The Los Angeles Lakers are an NBA team based in Los Angeles. The Lakers compete as a member of the league's Western Conference Pacific Division. The Lakers play their home games at Staples Center, an arena shared with the NBA's Los Angeles Clippers, the Los Angeles Sparks of the Women's National Basketball Association, and the Los Angeles Kings of the National Hockey League. The Lakers are one of the most successful teams in the history of the NBA, and have won 17 NBA championships, tied with the Boston Celtics for the most in NBA history.
The franchise began with the 1947 purchase of a disbanded team, the Detroit Gems of the National Basketball League (NBL). The new team began playing in Minneapolis, Minnesota, calling themselves the Minneapolis Lakers. Initially a member of the NBL, the Lakers won the 1948 NBL championship before joining the rival Basketball Association of America, where they would win five of the next six championships, led by star George Mikan. After struggling financially in the late 1950s following Mikan's retirement, they relocated to Los Angeles before the 1960–61 season.
Led by Hall of Famers Elgin Baylor and Jerry West, Los Angeles made the NBA Finals six times in the 1960s, but lost every series to the Celtics, beginning their long and storied rivalry. In 1968, the Lakers acquired four-time NBA Most Valuable Player (MVP) Wilt Chamberlain, and won their sixth NBA title—and first in Los Angeles—in 1972, led by new head coach Bill Sharman. After the retirement of West and Chamberlain, the team traded for superstar Kareem Abdul-Jabbar, who won multiple MVP awards with the Lakers. While the team was unable to advance to the Finals in the late 1970s, two momentous changes came in 1979 that would inaugurate a new golden era for the franchise. First, Jerry Buss purchased the Lakers, and as the team's owner, pioneered a vision of basketball games as entertainment spectacles as well as sporting events. Second, the Lakers drafted Magic Johnson first overall in the 1979 NBA draft.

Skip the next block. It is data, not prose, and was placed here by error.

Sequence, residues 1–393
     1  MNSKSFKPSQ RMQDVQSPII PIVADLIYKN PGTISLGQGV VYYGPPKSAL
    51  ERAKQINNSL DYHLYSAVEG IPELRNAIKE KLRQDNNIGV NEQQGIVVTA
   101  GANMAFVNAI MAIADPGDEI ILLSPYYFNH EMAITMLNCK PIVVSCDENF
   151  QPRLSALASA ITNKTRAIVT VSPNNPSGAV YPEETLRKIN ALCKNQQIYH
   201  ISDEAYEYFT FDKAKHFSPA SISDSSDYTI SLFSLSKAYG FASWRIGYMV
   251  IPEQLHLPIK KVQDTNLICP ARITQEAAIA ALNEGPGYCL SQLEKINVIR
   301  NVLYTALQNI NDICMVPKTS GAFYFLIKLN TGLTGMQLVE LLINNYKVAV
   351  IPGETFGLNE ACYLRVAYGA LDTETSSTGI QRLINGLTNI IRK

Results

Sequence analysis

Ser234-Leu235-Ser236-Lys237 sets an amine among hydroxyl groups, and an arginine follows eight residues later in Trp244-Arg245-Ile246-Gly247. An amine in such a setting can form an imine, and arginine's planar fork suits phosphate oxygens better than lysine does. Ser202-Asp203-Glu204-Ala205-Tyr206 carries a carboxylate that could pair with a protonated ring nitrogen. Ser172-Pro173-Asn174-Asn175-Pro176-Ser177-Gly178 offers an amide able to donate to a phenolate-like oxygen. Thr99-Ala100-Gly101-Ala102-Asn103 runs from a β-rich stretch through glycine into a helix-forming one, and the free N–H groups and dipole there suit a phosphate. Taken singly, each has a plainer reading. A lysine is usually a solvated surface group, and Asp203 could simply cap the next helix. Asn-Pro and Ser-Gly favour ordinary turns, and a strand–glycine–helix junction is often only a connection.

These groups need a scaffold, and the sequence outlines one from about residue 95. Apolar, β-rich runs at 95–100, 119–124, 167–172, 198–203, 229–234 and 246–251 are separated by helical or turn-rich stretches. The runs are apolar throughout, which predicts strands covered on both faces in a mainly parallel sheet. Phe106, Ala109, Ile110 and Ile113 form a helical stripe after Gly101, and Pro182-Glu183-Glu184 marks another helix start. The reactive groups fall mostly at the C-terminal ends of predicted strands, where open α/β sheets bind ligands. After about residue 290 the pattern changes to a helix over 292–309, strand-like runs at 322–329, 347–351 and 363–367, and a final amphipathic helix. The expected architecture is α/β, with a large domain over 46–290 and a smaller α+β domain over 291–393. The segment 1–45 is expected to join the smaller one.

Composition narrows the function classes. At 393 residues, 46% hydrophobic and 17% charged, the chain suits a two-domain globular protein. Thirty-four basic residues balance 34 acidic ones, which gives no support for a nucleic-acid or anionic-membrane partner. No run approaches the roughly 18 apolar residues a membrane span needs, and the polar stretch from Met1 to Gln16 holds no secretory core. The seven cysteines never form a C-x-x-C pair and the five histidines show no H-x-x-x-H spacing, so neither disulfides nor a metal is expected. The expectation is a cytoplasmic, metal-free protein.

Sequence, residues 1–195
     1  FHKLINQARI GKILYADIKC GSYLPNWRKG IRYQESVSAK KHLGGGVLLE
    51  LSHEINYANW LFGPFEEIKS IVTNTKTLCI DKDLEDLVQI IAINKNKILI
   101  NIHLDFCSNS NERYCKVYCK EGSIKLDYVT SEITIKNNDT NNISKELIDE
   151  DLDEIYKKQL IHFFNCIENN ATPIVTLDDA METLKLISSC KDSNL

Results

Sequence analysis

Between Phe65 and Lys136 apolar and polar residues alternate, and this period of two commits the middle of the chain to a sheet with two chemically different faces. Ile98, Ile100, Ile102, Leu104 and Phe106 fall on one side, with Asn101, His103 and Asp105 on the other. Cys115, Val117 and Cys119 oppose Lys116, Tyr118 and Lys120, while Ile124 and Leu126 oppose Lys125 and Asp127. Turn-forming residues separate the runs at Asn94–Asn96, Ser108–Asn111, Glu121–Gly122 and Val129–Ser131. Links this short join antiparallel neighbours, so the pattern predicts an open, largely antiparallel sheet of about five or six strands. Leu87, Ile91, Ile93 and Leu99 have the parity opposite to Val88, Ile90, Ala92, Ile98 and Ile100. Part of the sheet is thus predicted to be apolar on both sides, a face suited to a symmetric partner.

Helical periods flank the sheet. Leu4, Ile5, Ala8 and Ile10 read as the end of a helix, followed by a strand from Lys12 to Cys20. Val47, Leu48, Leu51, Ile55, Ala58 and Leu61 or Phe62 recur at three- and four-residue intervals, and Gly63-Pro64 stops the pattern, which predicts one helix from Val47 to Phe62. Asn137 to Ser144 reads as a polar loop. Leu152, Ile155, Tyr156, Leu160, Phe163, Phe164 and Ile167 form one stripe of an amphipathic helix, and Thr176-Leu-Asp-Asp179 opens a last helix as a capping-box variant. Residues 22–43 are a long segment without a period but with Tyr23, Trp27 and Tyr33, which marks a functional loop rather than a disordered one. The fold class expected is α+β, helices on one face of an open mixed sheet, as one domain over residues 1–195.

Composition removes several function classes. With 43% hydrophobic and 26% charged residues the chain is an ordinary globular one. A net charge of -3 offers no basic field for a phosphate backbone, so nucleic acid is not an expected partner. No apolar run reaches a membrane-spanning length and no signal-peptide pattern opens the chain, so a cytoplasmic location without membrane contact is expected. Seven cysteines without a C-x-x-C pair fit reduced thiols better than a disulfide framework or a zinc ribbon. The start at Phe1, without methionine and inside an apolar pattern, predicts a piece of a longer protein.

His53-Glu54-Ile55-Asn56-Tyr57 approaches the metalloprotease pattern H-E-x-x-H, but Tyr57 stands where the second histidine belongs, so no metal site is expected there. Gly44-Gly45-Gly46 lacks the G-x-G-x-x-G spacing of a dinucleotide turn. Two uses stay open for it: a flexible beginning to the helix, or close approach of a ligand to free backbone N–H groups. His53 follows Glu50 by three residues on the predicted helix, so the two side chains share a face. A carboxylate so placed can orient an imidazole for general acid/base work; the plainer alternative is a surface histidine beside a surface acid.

The combination of Johnson, a passing prodigy, and Abdul-Jabbar provided the Lakers with two superstars to anchor their roster. The additions of head coach Pat Riley in 1981, and James Worthy through the 1982 NBA draft, established the Lakers as an NBA powerhouse in the 1980s. The team was nicknamed the "Showtime Lakers" due to its fast break, transition offense facilitated by Johnson. The team won five championships in a nine-year span, including several marquee Finals matchups against its archrival, the Celtics.
After Abdul-Jabbar, Johnson, and Worthy retired, the team struggled in the 1990s until it drafted Kobe Bryant and signed Shaquille O'Neal in 1996. The superstar duo, along with Hall of Fame coach Phil Jackson, led the Lakers to three consecutive championships between 2000 to 2002, securing the franchise's second "three-peat." After the team lost in the 2004 NBA Finals, the "Shaq-and-Kobe" era ended when the Lakers traded away O'Neal. It was not until the Lakers traded for Pau Gasol that Bryant and Jackson returned to the NBA Finals, winning two more titles in 2009 and 2010. The team failed to regain its former glory during the rest of the decade, and Bryant retired in 2016. In 2020, the Lakers—led by LeBron James, Anthony Davis, and coach Frank Vogel—secured their 17th championship, tying the Celtics for the most titles in NBA history.
The Lakers hold the record for NBA's longest winning streak, 33 straight games, set during the 1971–72 season. Twenty-six Hall of Famers have played for Los Angeles, while four have coached the team. Four Lakers—Abdul-Jabbar, Johnson, O'Neal, and Bryant—have won the NBA MVP Award for a total of eight awards